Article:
MLB.com Columnist

Jonathan Mayo

Who's No. 1? The case for Torres

Jonathan Mayo argues that Yankees SS should lead Top 100 Prospects list

Who's No. 1? The case for Torres

MLBPipeline.com will unveil its 2017 Top 100 Prospects list on Saturday with a one-hour show on MLB Network and MLB.com at 8 p.m. ET. Leading up to the release, we make a case for three players -- Yoan Moncada, Gleyber Torres or Andrew Benintendi -- who could be the No. 1 overall prospect.

Gleyber Torres began the 2016 season in the Cubs organization and ranked No. 28 on our preseason Top 100 Prospects list. He moved up to No. 17 when we re-ranked the lists, though by then he was a Yankee, courtesy of the Aroldis Chapman deal in late July.

Just where will the talented middle infielder land on this year's Top 100 list, coming out on Saturday? A very strong case can be made that he should land in the top spot.

Recently ranked as the No. 1 shortstop prospect in the game, Torres has an extremely exciting combination of tools, instincts, makeup and maturity that all point to him becoming a future superstar.

The Cubs put Torres on a fast track to the big leagues and despite always being one of the youngest at his level, he's more than held his own. He was just 18 when he went to full-season ball and excelled enough in the Midwest League to earn a promotion up a level at the end of the 2015 season, where he promptly helped Myrtle Beach win the Carolina League title.

He performed well at that level, still as a teenager, in 2016, then even handled being traded -- often a tumultuous time -- like a veteran. But it's what he did in the Arizona Fall League that truly had the scouting industry, not to mention those of us who cover prospects for a living, abuzz.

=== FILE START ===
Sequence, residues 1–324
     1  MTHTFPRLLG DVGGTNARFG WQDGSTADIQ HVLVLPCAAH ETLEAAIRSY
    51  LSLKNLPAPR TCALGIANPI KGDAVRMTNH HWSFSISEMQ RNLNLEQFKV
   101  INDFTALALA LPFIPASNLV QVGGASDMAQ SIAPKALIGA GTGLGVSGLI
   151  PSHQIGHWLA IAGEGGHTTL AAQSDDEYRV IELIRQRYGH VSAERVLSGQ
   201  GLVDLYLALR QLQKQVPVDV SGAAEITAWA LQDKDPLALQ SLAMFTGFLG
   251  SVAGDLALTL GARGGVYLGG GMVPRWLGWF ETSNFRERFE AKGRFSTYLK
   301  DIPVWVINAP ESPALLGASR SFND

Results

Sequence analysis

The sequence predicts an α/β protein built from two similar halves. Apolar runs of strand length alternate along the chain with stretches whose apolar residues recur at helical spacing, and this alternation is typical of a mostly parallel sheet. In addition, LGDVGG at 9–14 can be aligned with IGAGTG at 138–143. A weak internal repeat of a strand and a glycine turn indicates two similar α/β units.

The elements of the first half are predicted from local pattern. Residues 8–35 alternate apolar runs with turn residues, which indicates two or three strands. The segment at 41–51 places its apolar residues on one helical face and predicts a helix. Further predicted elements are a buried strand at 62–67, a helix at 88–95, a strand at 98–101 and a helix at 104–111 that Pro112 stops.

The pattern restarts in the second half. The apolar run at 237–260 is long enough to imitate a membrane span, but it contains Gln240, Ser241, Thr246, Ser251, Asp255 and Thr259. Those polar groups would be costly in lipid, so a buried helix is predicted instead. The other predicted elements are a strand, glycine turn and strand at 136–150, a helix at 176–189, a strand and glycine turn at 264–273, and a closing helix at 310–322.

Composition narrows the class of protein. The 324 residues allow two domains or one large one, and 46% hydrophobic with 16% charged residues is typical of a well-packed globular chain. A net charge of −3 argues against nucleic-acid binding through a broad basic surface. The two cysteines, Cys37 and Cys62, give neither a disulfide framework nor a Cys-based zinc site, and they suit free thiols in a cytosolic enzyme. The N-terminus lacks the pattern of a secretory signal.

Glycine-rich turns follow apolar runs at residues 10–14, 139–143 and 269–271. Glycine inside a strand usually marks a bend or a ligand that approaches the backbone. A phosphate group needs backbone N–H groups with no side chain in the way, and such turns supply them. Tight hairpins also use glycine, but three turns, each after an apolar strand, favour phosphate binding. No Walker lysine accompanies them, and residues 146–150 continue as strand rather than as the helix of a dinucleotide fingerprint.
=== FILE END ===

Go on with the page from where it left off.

Top Prospects: Torres, NYY

Now, the usual caveat about the AFL -- small sample size in a typically hitting-friendly environment -- does need to be thrown out there. But Torres may have been among the most impressive prospects ever to perform in the league. He was still only 19 and won the batting title with his .403 average, as well as MVP honors. He is the youngest player to win either in the quarter century the AFL has been in existence.

It's not just the numbers he put up; it's how he did it. As gaudy as his numbers were, ne never seemed hot. He just hit. He has a very advanced approach at the plate, with excellent plate discipline and patience. He uses the whole field, and his power is developing to all fields. This is a guy who is going to hit some home runs at the highest level, no doubt. Seeing Torres hit .300 with 20-plus long balls annually seems completely realistic.

When Torres first entered pro ball, most predicted a future position change, mostly because he doesn't have great speed and people thought he wouldn't have the range to stay at shortstop. Well, he's proven any doubters wrong. He has terrific actions and instincts to go along with plenty of arm for the premium position and there is no question he could stay there long term. Of course, if a team needed him to move, that wouldn't be a problem at all. Torres moved over to second during the AFL season and made the switch look easy.

And that leads to the part of Torres that really makes him a No. 1 caliber prospect. For all of his considerable skills, his work ethic and makeup allow all of it to play up even more. Torres looked like he belonged on the AFL fields, despite being so young, and not in an overly cocky way. He's a natural leader, the kind who looks you in the eye when he talks to you, the kind you can imagine being the captain of an infield in the future.

Having tools is great, but the history of baseball is full of players with tools who never knew how to maximize them. Watch Torres for any length of time and you leave with no doubt he will put in the work and make the adjustments to always make himself a better player. At the same, he will make others around him better and that is a recipe for superstardom.

Jonathan Mayo is a reporter for MLBPipeline.com. Follow him on Twitter @JonathanMayo and Facebook, and listen to him on the weekly Pipeline Podcast. This story was not subject to the approval of Major League Baseball or its clubs.